SFU president cautions province on trades focus
Simon Fraser University president Andrew Petter is cautioning the province against a major shift in advanced education budget dollars from universities to trades training.
Petter spoke to members of the Surrey Board of Trade on Tuesday, arguing skills shortages are actually forecast to be more acute for college- and university-trained workers in the years ahead than in trades.
"We're in a highly competitive global knowledge-based economy," Petter said. "Our capacity to exploit our natural resource base depends upon having not only skilled labourers, but having the kinds of engineers, entrepreneurs, managers and business people to market and deliver those resources in a way that exacts the maximum value."
He's the latest university administrator to express trepidation with the government's focus on trades as it aims to launch a massive liquefied natural gas (LNG) industry.
"We should not be engaged in a zero sum kind of battle for dollars," Petter said later in an interview.
Petter said he emerged from a meeting with advanced education minister Amrik Virk hopeful that the province understands more student seats are needed in all sectors.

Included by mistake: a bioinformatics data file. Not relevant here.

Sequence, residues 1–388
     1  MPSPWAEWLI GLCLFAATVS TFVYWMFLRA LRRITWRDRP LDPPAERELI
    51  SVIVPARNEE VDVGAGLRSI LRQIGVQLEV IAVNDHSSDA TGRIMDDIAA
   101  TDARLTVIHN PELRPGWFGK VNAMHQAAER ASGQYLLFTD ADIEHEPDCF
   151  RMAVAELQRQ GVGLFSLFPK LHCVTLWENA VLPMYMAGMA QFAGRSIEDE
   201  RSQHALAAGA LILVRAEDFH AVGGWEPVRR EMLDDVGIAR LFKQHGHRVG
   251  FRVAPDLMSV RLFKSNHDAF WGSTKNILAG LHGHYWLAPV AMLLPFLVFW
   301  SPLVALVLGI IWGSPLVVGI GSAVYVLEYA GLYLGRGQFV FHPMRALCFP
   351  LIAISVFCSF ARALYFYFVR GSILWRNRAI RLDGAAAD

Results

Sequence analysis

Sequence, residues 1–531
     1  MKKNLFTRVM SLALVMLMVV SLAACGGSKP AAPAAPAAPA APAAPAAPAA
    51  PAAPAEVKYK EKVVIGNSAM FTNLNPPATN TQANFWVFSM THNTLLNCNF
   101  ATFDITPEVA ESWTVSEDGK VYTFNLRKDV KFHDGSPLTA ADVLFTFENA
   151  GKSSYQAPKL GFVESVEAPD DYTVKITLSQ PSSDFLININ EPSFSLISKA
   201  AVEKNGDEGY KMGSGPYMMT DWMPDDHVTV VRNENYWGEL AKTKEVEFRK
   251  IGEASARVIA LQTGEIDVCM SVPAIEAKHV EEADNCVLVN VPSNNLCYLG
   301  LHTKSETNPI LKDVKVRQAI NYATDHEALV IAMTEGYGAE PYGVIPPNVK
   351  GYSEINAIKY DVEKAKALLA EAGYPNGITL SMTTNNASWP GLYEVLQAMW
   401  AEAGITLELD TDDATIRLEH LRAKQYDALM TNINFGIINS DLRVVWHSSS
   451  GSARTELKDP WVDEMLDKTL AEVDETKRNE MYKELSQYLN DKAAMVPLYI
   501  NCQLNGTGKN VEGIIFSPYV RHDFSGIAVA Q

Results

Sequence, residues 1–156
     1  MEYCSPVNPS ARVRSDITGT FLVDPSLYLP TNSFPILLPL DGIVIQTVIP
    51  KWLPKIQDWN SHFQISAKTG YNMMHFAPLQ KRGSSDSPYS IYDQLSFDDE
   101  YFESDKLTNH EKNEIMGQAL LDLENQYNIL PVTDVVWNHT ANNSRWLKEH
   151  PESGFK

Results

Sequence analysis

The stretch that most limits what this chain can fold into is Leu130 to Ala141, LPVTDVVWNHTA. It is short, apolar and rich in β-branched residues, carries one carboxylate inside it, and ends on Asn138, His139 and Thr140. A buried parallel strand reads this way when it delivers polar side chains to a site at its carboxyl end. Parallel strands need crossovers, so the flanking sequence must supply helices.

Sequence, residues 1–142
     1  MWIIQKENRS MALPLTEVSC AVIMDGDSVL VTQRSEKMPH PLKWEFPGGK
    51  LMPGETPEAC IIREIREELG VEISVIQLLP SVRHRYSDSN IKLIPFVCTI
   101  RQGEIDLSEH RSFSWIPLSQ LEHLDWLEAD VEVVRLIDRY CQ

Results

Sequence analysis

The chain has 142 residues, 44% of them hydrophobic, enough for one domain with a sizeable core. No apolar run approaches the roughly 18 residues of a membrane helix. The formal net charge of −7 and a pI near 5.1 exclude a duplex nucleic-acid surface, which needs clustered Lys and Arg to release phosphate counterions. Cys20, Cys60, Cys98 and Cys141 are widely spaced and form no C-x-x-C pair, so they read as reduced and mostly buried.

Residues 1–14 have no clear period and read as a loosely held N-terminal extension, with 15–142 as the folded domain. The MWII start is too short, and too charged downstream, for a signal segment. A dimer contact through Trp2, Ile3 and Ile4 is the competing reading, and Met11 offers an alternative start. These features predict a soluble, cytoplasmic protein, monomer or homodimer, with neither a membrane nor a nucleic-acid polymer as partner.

He said the province's expected labour shortage in skilled trades workers is "relatively small" compared to the much larger shortage of people with college and university credentials.
"Because there's a certain immediacy and tangibility around the trades issue there's a danger that we lose sight of the fact that we're going to need the full spectrum of post-secondary graduates."
Petter outlined plans to pursue an up to $300-million capital expansion of SFU's Surrey campus in the city's burgeoning city centre over the next 10 years.
New offerings would fall in three major areas – energy systems engineering, health technologies and creative technologies, including game design.
Petter said the Surrey expansion strategy is underpinned by the large youthful demographic in the area as well as the city's rapid growth.
"Here in Surrey it would be tragic to see such a large potential contributing labour force instead undervalued and not given the opportunity to reach their full potential."